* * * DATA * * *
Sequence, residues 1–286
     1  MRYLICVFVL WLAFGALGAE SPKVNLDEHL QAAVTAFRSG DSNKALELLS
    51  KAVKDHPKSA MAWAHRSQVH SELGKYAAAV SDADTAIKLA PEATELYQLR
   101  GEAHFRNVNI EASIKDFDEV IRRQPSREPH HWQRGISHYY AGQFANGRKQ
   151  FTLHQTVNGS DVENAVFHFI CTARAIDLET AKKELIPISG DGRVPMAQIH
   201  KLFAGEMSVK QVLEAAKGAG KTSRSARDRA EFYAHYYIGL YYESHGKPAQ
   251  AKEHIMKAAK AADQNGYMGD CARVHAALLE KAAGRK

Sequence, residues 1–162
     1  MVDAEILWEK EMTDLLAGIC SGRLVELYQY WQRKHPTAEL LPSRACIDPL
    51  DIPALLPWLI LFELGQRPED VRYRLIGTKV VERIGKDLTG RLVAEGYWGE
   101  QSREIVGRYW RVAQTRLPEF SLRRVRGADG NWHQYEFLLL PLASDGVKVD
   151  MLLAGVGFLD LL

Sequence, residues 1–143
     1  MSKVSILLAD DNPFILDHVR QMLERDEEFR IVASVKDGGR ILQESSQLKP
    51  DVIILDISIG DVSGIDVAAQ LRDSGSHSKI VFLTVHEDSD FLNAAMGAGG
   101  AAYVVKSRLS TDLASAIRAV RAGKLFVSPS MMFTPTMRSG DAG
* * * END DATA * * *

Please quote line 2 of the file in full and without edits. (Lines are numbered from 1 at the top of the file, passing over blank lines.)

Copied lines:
     1  MRYLICVFVL WLAFGALGAE SPKVNLDEHL QAAVTAFRSG DSNKALELLS